We have noted many times, including as recently as this weekend, that the political biases of the media get all the attention, but that there are other biases that are more pronounced, and arguably more damaging. And very high on the list is the propensity to highlight, and tacitly encourage, conflict, even over silly things.
It turns out that Jon Stewart, of The Daily Show fame, is on the same exact wavelength. He famously took Tucker Carlson to task 15 years ago, and it would seem that Stewart hasn't lost his edge. Making an appearance on Jake Tapper's CNN show "State of the Union," the comedian took no prisoners, lambasting the channel for its propensity to stir up controversy. The money quote:
I think the media does a terrible job at de-escalation. And de-escalation is the antidote to all this nonsense. And I don't mean civility, and I don't mean nonpartisanship. I mean focusing on things that are more urgent and elemental in people's lives, and really hammering away at those things, rather than the emotional fault lines that occur in societies.
Tapper seemed to agree, though don't hold your breath waiting for him or anyone else on any of the news channels to change their approach.
We don't point this out to note that Stewart agrees with us (though that doesn't hurt). We point it out because it gives us a chance to note that Stewart has a new show on Apple+ called The Problem. Whereas The Daily Show combined comedy with incisive commentary, The Problem pretty much ditches the comedy and just focuses on the commentary.
To the extent that there is a counterpoint to media figures like Carlson and Sean Hannity, it's not equally-over-the-top leftists (excepting, possibly, Rachel Maddow). No, it's commentators like Stewart, who attract an audience by being entertaining and smart. When he hosted "The Daily Show," he had as much impact on the nation's political dialogue as any Fox personality. Maybe more. If he can recapture some portion of that influence with his new show, it could be a very good thing when it comes to pushing back at some of the worst stuff coming out of Fox. It won't be easy when broadcasting only once a week, and from a platform people have to pay extra for (The Daily Show was on basic cable). But Stewart's former Daily Show correspondent John Oliver managed to do pretty well under the same circumstances with his HBO show Last Week Tonight. And if there's anyone who can make his presence felt, it's Jon Stewart. (Z)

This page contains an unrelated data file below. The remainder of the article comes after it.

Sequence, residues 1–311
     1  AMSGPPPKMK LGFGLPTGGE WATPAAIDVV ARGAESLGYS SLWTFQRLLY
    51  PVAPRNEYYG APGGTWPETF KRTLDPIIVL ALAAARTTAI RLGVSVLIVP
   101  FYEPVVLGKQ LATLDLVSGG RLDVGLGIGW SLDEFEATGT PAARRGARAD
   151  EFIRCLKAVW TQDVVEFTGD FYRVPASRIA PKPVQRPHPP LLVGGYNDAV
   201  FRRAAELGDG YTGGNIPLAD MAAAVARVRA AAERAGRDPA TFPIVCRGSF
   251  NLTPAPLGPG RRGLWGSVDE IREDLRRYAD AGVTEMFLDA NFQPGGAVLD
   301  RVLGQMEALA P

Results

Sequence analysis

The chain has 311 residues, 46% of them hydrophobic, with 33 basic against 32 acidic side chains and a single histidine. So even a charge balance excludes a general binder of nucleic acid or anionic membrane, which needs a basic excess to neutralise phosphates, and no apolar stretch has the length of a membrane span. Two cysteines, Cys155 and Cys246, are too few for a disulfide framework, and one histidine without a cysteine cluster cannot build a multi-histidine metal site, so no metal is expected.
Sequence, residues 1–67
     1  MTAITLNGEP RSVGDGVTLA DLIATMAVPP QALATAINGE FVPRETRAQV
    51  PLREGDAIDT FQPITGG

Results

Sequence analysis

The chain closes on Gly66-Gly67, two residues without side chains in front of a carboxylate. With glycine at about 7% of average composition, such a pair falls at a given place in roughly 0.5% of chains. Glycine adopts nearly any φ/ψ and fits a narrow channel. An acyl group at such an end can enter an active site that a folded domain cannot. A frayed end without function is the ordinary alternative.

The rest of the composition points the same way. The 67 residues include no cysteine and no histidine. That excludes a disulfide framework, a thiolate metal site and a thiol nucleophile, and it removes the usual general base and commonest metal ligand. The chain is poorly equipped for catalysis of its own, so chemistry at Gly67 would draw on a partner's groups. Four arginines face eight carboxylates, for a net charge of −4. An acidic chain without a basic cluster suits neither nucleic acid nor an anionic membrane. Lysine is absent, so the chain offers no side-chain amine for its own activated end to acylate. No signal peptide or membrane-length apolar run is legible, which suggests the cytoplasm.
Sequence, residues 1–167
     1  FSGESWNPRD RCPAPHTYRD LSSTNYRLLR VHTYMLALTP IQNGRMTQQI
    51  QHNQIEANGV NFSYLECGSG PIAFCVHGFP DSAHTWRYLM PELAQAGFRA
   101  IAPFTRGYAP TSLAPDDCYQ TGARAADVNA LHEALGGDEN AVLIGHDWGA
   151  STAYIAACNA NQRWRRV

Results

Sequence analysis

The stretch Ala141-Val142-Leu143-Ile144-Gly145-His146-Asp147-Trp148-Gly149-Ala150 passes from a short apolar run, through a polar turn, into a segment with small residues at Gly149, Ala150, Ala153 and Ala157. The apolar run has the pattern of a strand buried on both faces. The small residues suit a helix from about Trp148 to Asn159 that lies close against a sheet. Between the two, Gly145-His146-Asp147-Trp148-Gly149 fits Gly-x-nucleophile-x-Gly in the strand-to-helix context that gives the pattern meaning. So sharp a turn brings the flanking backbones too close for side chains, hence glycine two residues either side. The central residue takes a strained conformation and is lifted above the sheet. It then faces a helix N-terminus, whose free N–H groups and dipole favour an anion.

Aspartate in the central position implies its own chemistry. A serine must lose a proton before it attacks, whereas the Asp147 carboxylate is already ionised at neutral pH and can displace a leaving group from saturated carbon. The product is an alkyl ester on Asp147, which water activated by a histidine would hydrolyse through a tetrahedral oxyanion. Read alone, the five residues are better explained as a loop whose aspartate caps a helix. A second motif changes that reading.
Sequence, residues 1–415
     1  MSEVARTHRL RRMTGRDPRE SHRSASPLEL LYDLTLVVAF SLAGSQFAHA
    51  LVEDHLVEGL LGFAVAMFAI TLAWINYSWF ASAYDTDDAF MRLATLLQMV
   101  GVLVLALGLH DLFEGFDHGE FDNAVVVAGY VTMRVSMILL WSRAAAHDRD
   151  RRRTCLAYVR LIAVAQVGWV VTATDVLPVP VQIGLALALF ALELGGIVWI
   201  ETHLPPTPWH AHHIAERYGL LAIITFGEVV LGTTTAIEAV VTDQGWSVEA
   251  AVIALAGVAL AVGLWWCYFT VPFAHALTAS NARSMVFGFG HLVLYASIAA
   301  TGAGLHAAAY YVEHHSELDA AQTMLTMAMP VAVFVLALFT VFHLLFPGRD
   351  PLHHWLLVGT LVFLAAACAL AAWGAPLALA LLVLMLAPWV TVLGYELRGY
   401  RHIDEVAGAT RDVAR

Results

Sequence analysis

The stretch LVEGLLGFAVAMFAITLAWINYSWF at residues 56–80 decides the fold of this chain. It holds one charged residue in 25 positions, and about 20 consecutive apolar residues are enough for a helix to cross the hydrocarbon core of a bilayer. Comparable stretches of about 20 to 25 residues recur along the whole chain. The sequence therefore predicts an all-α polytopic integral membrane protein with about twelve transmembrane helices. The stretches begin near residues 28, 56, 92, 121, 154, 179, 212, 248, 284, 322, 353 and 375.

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Oct19 Trump Files Executive Privilege Lawsuit
Oct19 Texas State House Makes District Maps Official
Oct19 2020 Census May Have Undercounted Black People
Oct19 Too Bad We Can't Just Let Teachers Teach
Oct19 Colin Powell, 1937-2021
Oct19 Washington State Football Coach Terminated
Oct18 Manchin: No Coal, No Deal
Oct18 Does Biden Care about Democracy?
Oct18 Texas Is Working on an Even Worse Law
Oct18 Peter Thiel Wants to Be the New Sheldon Adelson
Oct18 Nevada GOP Is at War with Itself
Oct18 Divorce Case Could Affect Control of the Senate
Oct18 Black Democrats Are Pulling in Lots of Cash
Oct18 The Battle of Richmond Is Starting
Oct18 Will Illinois Democrats Get Too Greedy?
Oct18 Republicans May Have Found the Formula for Attracting Young Women
Oct17 Sunday Mailbag
Oct16 Saturday Q&A
Oct15 Senate Will Vote on Manchin's Voting Rights Bill Next Week
Oct15 Is This What Manchin Wants in the Infrastructure Bill?
Oct15 Biden Blue-Ribbon SCOTUS Panel Issues Draft Report
Oct15 It's Beginning to Look a Lot Like Christmas...Might Go Poorly This Year
Oct15 Don't Forget About Obstruction of Justice
Oct15 This Week's 2022 Candidate News: Gubernatorial Edition
Oct15 This Week in Schadenfreude
Oct14 Biden Sees Child Tax Credit As a Key Message in the Midterms
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Oct12 The Murky Crystal Ball, Part I: Joe Biden Is Toast--The News
Oct12 The Murky Crystal Ball, Part II: Joe Biden Is Toast--The Polls
Oct12 The Murky Crystal Ball, Part III: Joe Biden Is Toast--The Virginia Gubernatorial Election